Such an idea makes me want to run for the hills. Leader? Not really. Guide? That's more like it...
 
I always explain that modern Druidry is, of necessity, a very fluid spirituality, evolving to maintain its relevance. We don't know what those ancients did all those centuries ago - and, honestly, if we lived today in ways that were 2000 years out of date, we might be lucky to just end up arrested. Human sacrifice is slightly frowned upon these days, as is hunting with bladed weapons or waging war on a neighbouring tribe for their land (in the UK, at least).
 
While humans are, have been and always will be humans, with certain priorities (eat, drink, procreate, entertain, argue, die), customs and societies have changed. It's easy to see where certain religions have not quite moved with the times - homosexual marriage, abortion, female rights, etc - or where they have: tattoos as illegal, capital punishment for blasphemy, female rights, etc. We learn from our ancestors, not copy them verbatim.
 
Druidry has always called to me because of its flexibility. It is highly personal, with different places having their own unique characters, allowing you to form and explore relationships as you would with any other person. I consider my deities intelligent enough to gauge my intentions, no matter the language, so long as I speak with sincerity and honour. My life is a combination of the physical, mental, emotional and spiritual, balancing those elements as much as Earth, Air, Fire and Water. My way is my way - yours is yours. They may overlap, but they will diverge too. Vive la difference, after all.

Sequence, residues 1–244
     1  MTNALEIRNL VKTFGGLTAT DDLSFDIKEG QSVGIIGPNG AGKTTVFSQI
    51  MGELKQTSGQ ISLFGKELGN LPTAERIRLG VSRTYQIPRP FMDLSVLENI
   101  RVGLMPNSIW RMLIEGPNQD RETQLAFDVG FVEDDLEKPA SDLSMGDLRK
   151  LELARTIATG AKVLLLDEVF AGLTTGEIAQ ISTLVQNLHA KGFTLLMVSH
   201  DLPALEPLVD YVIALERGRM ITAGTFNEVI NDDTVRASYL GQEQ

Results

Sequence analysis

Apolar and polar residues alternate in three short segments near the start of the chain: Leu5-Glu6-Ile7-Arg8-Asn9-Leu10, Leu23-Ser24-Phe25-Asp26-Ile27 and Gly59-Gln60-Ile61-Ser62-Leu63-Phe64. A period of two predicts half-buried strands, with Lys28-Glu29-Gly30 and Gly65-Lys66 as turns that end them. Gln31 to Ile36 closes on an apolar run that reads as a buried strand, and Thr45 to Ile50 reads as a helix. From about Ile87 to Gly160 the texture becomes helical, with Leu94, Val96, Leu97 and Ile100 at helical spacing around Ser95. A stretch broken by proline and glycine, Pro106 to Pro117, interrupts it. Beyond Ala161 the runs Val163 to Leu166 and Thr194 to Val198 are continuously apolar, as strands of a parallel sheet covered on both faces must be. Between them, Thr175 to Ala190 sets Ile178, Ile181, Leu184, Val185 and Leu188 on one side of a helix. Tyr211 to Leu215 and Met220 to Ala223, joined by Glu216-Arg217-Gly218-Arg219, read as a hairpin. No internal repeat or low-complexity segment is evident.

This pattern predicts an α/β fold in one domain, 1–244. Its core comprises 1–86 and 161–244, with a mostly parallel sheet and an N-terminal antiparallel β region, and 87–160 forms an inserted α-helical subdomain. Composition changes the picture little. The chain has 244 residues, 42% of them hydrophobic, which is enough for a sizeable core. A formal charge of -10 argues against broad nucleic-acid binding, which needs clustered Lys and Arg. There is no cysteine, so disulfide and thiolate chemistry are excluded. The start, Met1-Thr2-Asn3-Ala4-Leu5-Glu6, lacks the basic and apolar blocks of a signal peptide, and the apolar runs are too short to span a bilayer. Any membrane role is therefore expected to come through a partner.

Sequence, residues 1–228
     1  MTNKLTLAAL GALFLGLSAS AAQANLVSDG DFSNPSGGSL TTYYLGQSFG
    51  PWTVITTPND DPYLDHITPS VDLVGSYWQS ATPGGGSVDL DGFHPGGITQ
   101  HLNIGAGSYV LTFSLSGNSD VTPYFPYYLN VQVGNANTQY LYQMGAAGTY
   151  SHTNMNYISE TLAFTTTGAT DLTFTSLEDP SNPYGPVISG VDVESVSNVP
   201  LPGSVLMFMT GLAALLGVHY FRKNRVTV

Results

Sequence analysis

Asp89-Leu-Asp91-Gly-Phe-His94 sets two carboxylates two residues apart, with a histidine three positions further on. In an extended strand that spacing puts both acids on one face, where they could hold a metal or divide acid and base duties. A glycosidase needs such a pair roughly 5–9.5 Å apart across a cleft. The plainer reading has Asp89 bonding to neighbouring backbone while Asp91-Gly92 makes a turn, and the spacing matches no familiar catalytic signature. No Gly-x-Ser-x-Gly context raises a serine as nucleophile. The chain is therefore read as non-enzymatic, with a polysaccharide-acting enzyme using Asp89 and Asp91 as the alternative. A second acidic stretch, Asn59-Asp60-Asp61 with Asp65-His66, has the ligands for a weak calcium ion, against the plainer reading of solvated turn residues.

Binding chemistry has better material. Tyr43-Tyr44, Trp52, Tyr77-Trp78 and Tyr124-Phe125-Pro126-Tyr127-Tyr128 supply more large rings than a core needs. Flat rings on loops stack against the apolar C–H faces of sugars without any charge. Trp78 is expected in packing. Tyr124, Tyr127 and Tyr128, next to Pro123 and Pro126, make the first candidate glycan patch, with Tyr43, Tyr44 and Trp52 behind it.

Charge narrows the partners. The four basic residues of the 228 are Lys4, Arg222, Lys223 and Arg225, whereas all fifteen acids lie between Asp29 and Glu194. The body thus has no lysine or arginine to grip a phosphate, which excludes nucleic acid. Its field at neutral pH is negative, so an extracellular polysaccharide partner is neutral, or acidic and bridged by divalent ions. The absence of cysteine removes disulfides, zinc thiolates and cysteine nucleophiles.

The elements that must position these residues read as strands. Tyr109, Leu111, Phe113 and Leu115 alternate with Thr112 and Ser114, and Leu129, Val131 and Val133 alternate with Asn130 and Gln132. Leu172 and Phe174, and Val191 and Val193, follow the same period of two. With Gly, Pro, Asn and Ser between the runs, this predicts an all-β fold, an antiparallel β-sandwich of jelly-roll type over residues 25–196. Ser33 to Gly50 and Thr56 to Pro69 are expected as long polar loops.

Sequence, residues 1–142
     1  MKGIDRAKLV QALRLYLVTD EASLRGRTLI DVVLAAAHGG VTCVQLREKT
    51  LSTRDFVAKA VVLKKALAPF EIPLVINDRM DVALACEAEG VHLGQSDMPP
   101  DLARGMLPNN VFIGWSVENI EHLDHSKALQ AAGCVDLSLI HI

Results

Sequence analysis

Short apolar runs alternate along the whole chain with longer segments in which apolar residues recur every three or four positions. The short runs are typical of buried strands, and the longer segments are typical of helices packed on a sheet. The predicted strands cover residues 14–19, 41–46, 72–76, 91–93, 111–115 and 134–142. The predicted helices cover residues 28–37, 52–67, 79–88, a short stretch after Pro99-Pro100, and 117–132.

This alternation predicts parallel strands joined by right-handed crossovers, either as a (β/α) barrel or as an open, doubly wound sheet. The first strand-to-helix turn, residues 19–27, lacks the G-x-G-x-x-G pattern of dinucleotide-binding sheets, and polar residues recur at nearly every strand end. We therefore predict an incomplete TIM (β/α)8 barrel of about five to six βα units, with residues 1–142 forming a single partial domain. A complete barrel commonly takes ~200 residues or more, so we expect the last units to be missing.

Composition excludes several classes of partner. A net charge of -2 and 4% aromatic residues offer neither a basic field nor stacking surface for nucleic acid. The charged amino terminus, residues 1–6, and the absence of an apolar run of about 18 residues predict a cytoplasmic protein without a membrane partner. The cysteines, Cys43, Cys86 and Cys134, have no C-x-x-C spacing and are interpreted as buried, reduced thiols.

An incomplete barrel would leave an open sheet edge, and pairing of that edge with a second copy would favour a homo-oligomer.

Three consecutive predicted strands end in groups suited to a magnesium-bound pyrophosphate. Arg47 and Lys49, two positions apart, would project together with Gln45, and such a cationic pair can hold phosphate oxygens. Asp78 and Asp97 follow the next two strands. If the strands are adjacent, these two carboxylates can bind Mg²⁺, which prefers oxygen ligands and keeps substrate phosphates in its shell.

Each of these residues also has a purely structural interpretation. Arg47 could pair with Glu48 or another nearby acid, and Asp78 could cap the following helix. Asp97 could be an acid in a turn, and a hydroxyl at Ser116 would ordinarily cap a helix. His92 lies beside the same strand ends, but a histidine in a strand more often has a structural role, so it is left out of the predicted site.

However, when I speak of this, I'm essentially putting very tricky, subjective and amorphous concepts into words. I do my best, but sometimes I see folk nodding while not truly listening... because I'm not saying what they want to hear. They want the spells, the secret codes, the ancient rites. They don't quite see that this is what I'm telling them - it's just up to them to try it for themselves and work it out. 'Try it and see' rather than 'do what I do'.
 
Druidry (and Paganism as a whole) requires work, focus and intention. You can't coast along, hoping that it'll work out. You can't blithely read a spell from a big leather-bound book with fancy calligraphy and expect it to go exactly as you wish - even Mickey Mouse found that one out.
 
You can't find a teacher who's done all the hard work, so you don't have to. With any luck, you'll find a guide you can talk to, whinge, wail and cheer at as you go through your own initiatory experiences. But this requires give and take, fair energy exchange. What are you bringing to that relationship?
 
Is it worth it? Absolutely. It might not be exactly what you expect, but one thing is for certain: life as a modern Pagan is never dull.
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Cat Treadwell is a Druid Priest living in Derbyshire, England with her partner and animal family. She is a professional ritual celebrant and multifaith worker, travelling throughout the East Midlands and beyond. Her first book, 'A Druid's Tale', is out now. Cat is a Trustee of The Druid Network, as well as Regional Coordinator for the East Midlands Pagan Federation and member of OBOD. She is a regular speaker on BBC Radio, and has appeared on BBC News representing The Druid Network and East Midlands Ambulance Service. Cat welcomes questions and comments - please feel free to get in touch!